Okay, okay enough of that.
In all seriousness, I am thankful for so many things in my life. I have a wonderful family, awesome friends, an incredible job, and I am thrilled to be a part of She’s Game Sports.
I pray for everyone close to my hometown who was affected by Hurricane Sandy, and I wish them all well in the recovery process.
And I’m thankful that I only have to wait seven more days until the radio stations start playing Christmas songs around the clock!
I love Thanksgiving because it combines three of my favorite things in the world: food, family and football (although not necessarily in that order).
Growing up in Michigan, we always had the Lions to watch while the bird was cooking. My childhood memories consist of the smell of turkey in the oven and the Lions getting toasted.
I migrated to Boston as a college student and never left. It was then that I learned that Thanksgiving Day wasn’t just about the Lions and the Cowboys. New England embraced America’s best game by honoring it at the high school level.
My friends at Boston College who grew up in the area told me that their Thanksgiving Day always begins on a frozen field either home or away. Mom throws the turkey in the oven, and everyone heads off to “the game.”
How does the house not burn down? I wondered.
Rivalries. Community. High School Football. This doesn’t happen in Michigan on Thanksgiving or in a lot of other places. Tradition in New England isn’t just Harvard versus Yale. It’s Natick vs. Framingham, Winchester vs. Woburn, Matignon vs. Chelsea, English vs. Latin, and on and on and on.
As I moved on as a sports reporter, I quickly learned the importance of covering a game on Thanksgiving morning. I stood on fields from Brockton to Lynn year in and year out. I remember covering a game in 1990 after learning that morning I was pregnant with my first child. My feet were freezing and my heart was warm.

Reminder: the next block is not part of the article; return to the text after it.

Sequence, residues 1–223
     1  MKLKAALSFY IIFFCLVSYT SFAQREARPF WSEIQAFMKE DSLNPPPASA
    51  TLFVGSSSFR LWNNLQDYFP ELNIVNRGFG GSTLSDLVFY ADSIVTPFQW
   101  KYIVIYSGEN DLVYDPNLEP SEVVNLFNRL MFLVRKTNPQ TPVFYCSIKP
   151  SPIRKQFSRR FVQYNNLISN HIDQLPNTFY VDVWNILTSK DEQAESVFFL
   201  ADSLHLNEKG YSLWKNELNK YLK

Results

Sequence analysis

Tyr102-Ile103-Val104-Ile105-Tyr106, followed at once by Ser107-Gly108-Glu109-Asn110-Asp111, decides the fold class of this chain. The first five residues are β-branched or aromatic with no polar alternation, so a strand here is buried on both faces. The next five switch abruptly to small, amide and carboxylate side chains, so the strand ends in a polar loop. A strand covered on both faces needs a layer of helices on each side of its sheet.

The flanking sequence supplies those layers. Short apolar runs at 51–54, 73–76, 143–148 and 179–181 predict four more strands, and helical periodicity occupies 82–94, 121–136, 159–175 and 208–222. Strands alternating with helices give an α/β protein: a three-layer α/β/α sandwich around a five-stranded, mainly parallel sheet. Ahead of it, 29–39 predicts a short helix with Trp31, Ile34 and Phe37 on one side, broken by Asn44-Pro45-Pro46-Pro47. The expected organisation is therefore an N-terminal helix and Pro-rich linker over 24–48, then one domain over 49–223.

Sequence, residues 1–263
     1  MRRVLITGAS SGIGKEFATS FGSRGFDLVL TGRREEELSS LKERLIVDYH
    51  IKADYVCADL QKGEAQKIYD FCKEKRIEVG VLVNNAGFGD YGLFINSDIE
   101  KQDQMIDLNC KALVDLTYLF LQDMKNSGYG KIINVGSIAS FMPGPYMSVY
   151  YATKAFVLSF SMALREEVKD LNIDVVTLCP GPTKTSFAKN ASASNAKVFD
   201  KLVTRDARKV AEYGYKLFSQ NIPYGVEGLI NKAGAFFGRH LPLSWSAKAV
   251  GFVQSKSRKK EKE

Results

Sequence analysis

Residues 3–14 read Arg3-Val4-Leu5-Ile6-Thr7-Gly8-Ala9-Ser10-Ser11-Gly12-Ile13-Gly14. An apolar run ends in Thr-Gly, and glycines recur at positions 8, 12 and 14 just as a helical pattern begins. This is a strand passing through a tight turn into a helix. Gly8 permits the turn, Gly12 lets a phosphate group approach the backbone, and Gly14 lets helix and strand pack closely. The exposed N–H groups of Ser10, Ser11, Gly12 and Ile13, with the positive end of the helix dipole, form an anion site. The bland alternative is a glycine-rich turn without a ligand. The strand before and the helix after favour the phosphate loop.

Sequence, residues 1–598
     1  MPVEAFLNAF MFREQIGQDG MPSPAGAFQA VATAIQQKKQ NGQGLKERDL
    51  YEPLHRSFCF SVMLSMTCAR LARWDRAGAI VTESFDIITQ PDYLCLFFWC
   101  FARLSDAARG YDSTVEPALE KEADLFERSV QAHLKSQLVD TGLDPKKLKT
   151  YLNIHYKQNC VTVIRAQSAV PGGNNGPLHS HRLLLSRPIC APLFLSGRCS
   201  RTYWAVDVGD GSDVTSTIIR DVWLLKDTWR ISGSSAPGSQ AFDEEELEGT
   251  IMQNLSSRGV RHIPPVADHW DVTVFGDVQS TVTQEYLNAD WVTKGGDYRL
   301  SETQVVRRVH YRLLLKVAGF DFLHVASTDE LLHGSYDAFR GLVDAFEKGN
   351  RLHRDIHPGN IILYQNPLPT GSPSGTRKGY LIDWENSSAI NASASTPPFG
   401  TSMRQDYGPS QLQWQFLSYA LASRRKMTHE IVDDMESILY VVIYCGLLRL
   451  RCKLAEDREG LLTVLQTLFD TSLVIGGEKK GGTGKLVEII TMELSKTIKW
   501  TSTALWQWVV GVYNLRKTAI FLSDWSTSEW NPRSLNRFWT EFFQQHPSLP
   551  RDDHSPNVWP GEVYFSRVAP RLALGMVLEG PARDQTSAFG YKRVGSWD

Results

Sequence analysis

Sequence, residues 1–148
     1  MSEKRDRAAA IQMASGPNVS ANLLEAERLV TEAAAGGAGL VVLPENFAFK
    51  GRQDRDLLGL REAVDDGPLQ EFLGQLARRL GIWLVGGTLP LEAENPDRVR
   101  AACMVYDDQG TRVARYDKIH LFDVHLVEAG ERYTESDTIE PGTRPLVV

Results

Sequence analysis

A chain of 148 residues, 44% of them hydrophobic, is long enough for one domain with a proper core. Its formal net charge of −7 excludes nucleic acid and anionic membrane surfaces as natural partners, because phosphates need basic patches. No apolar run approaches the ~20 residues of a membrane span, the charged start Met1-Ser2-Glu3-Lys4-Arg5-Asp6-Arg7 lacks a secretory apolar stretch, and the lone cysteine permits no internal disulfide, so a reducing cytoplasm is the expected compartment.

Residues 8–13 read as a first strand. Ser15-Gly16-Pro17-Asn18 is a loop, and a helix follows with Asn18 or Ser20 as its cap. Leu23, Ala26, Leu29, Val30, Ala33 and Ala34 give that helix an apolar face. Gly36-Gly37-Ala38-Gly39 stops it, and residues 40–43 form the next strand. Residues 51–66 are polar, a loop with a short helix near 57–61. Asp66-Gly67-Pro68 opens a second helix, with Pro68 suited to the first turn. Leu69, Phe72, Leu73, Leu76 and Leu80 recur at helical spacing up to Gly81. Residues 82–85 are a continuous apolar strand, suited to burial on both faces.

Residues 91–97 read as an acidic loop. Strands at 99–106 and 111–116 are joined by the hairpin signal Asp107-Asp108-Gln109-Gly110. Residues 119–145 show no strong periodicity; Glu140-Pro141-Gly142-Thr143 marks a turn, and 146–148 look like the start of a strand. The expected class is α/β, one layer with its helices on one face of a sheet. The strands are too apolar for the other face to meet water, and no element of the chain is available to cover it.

All these years later, I still love it when those high school scores scroll through on the local news. Alan Miller, an esteemed sports producer at WBZ always chose the music “Be True to Your School” by the Beach Boys. I imagined people from Malden to Masconomet just waiting for the three seconds they would see their school’s name in lights.
Mike Lynch at WCVB has turned Thanksgiving Day high school football coverage into part of the holiday landscape. Nice touch wearing the sweatshirts from different schools throughout the football special. Kudos to all those photographers, producers and editors who make it all happen.
Then there is the pro game. There are two givens: Dallas and Detroit. Now we have a night game, this year featuring the Patriots and Jets. A few years ago when the Patriots played the Lions in the middle of the afternoon, it meant structuring the timing of the meal around the game.
“Nobody eats until the final whistle,” I told my guests.
It was a terrific display of clock management in the kitchen, impressive execution even by Bill Belichick standards.